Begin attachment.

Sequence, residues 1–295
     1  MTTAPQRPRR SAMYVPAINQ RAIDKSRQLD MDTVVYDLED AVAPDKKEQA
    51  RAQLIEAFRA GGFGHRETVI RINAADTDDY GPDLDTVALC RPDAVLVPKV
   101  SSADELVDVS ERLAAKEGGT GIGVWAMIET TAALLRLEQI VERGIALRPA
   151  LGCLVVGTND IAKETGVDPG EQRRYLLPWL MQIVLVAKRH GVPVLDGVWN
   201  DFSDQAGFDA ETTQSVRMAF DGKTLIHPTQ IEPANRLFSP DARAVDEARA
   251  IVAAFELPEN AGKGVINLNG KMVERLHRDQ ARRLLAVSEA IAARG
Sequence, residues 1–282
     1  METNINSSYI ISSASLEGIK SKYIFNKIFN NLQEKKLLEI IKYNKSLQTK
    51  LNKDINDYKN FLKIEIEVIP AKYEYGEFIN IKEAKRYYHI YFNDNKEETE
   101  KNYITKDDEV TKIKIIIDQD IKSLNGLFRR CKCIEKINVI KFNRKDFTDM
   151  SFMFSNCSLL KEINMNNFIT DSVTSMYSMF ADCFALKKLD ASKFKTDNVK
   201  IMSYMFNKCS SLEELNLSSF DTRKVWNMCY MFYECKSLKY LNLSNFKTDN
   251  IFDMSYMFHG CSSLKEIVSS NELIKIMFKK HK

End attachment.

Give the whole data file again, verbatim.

Sequence, residues 1–295
     1  MTTAPQRPRR SAMYVPAINQ RAIDKSRQLD MDTVVYDLED AVAPDKKEQA
    51  RAQLIEAFRA GGFGHRETVI RINAADTDDY GPDLDTVALC RPDAVLVPKV
   101  SSADELVDVS ERLAAKEGGT GIGVWAMIET TAALLRLEQI VERGIALRPA
   151  LGCLVVGTND IAKETGVDPG EQRRYLLPWL MQIVLVAKRH GVPVLDGVWN
   201  DFSDQAGFDA ETTQSVRMAF DGKTLIHPTQ IEPANRLFSP DARAVDEARA
   251  IVAAFELPEN AGKGVINLNG KMVERLHRDQ ARRLLAVSEA IAARG
Sequence, residues 1–282
     1  METNINSSYI ISSASLEGIK SKYIFNKIFN NLQEKKLLEI IKYNKSLQTK
    51  LNKDINDYKN FLKIEIEVIP AKYEYGEFIN IKEAKRYYHI YFNDNKEETE
   101  KNYITKDDEV TKIKIIIDQD IKSLNGLFRR CKCIEKINVI KFNRKDFTDM
   151  SFMFSNCSLL KEINMNNFIT DSVTSMYSMF ADCFALKKLD ASKFKTDNVK
   201  IMSYMFNKCS SLEELNLSSF DTRKVWNMCY MFYECKSLKY LNLSNFKTDN
   251  IFDMSYMFHG CSSLKEIVSS NELIKIMFKK HK